Toyota 2000 GT

The birth of the first Japanese supercar

At the recent Gooding & Company Amelia Island sale, a Japanese car sold for more than two million dollars for the first time.

The car in question, a Shelby-prepared Toyota 2000 GT, was by no means ordinary, but the sale was a reflection of ever-increasing interest in Japanese cars in general and the Toyota 2000 GT in particular. Launched at the 1965 Tokyo Motor Show, the high-performance 2000 GT sports car is generally considered the very first Japanese supercar.

The 2000 GT looks elegant from any angle.

At the time, Toyota’s line-up at the time consisted mainly of sensible four-door sedans like the Crown and the small-displacement 800 Sports coupe. The 2000 GT, on the other hand, was an exuberant showstopper designed to take on the best European and American sports cars. Of all Japanese manufacturers, Toyota was the last company people expected to produce a halo car like the 2000 GT. So it may not come as a surprise that the idea for the 6.0 cylinder-engined machine did not come from Toyota but can actually be traced back to a stillborn Nissan sports car.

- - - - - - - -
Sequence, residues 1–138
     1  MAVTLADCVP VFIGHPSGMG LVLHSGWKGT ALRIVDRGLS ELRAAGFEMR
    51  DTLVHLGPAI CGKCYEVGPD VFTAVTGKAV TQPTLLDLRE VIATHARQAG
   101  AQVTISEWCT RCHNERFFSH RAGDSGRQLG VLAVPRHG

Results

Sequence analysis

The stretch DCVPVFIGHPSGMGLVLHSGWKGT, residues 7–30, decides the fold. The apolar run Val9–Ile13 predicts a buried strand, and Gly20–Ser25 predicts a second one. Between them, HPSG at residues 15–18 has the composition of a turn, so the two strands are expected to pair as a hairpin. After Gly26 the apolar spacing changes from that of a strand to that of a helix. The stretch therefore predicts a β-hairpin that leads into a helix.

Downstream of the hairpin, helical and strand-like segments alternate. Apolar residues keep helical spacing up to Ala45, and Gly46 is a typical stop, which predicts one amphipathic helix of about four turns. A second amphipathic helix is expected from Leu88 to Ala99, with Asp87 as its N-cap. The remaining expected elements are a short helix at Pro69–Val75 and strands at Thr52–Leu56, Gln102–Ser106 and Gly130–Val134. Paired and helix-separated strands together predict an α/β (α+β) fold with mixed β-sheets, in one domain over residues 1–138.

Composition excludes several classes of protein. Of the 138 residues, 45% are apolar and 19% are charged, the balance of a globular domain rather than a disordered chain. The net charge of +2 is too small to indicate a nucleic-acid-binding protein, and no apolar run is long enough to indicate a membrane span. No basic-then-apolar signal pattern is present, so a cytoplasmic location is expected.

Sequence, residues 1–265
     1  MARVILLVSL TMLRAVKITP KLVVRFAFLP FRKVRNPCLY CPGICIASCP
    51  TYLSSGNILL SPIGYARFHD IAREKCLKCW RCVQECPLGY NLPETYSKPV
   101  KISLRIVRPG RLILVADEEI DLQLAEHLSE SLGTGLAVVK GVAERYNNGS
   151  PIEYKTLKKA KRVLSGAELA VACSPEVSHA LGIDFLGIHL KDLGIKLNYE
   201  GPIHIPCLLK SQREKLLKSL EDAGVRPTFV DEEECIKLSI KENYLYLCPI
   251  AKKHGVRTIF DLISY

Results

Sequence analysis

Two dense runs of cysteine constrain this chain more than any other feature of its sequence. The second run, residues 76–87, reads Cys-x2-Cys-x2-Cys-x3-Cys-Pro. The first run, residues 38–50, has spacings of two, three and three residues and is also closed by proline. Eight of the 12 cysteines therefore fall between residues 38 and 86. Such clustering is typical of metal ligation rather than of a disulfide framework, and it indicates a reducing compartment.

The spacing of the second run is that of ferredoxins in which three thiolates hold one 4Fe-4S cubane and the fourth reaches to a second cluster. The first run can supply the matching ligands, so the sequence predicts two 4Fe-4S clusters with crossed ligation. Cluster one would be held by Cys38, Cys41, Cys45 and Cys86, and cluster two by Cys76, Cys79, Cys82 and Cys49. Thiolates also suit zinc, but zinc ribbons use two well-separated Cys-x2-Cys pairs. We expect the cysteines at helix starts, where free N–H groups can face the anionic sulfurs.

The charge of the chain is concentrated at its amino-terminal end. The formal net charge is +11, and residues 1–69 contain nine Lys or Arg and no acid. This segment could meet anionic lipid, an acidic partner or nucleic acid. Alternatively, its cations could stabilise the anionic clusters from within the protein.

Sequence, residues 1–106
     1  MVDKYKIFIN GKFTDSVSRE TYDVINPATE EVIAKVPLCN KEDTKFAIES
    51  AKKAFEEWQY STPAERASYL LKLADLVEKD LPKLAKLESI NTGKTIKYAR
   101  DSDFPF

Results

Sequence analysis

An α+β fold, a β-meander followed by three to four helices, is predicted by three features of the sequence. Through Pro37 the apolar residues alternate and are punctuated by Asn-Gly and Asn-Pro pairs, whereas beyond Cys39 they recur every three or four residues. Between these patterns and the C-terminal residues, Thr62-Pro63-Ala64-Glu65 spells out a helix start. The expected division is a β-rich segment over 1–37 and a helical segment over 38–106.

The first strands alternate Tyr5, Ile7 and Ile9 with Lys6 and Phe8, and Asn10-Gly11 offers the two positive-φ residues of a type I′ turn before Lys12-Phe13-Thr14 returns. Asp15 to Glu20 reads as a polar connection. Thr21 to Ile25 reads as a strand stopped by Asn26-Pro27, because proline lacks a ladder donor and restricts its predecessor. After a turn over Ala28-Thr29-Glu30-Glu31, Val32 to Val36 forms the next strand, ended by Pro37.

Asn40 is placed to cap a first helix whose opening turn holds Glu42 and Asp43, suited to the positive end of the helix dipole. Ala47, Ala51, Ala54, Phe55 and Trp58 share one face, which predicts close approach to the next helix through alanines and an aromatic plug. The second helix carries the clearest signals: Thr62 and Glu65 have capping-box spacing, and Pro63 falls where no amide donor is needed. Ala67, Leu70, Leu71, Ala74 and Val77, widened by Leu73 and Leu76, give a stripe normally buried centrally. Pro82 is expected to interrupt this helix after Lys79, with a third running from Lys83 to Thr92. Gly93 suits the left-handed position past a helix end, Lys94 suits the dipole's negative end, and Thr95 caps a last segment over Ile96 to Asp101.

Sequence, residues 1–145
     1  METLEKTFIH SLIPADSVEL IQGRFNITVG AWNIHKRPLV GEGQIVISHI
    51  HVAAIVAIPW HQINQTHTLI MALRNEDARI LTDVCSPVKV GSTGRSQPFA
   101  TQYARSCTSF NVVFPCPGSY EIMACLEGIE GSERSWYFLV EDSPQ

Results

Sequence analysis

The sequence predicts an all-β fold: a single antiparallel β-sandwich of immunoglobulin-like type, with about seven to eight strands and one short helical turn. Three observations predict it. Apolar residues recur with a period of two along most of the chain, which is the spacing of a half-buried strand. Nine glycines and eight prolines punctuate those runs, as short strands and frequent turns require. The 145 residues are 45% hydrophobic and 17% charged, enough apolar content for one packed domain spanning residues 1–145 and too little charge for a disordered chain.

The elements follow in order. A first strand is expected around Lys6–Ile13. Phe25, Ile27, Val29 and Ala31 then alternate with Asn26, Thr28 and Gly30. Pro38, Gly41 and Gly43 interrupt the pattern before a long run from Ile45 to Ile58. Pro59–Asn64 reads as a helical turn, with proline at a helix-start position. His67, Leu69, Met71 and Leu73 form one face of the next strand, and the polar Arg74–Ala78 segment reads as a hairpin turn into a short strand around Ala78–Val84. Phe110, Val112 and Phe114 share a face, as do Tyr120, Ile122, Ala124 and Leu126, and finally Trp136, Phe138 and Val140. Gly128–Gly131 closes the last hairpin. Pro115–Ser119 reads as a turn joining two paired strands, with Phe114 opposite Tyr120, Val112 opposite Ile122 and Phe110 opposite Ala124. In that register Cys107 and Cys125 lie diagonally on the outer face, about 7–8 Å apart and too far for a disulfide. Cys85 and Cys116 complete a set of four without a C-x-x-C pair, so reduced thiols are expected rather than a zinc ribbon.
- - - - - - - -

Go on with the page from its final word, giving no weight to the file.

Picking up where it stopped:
Connecting the two projects was the Yamaha Motor Company, which served as a consultant for Nissan during the early 1960s and later also developed and built the 2000 GT for Toyota. Best known for building scooters and motorcycles, Yamaha also tried to branch out to cars in the late 1950s. Several prototypes were built, but this proved such an expensive exercise that the company was in financial difficulties by the early 1960s. In an attempt to make use of the experience gathered creating these four-wheel prototypes, Yamaha started offering its services to other companies like Nissan.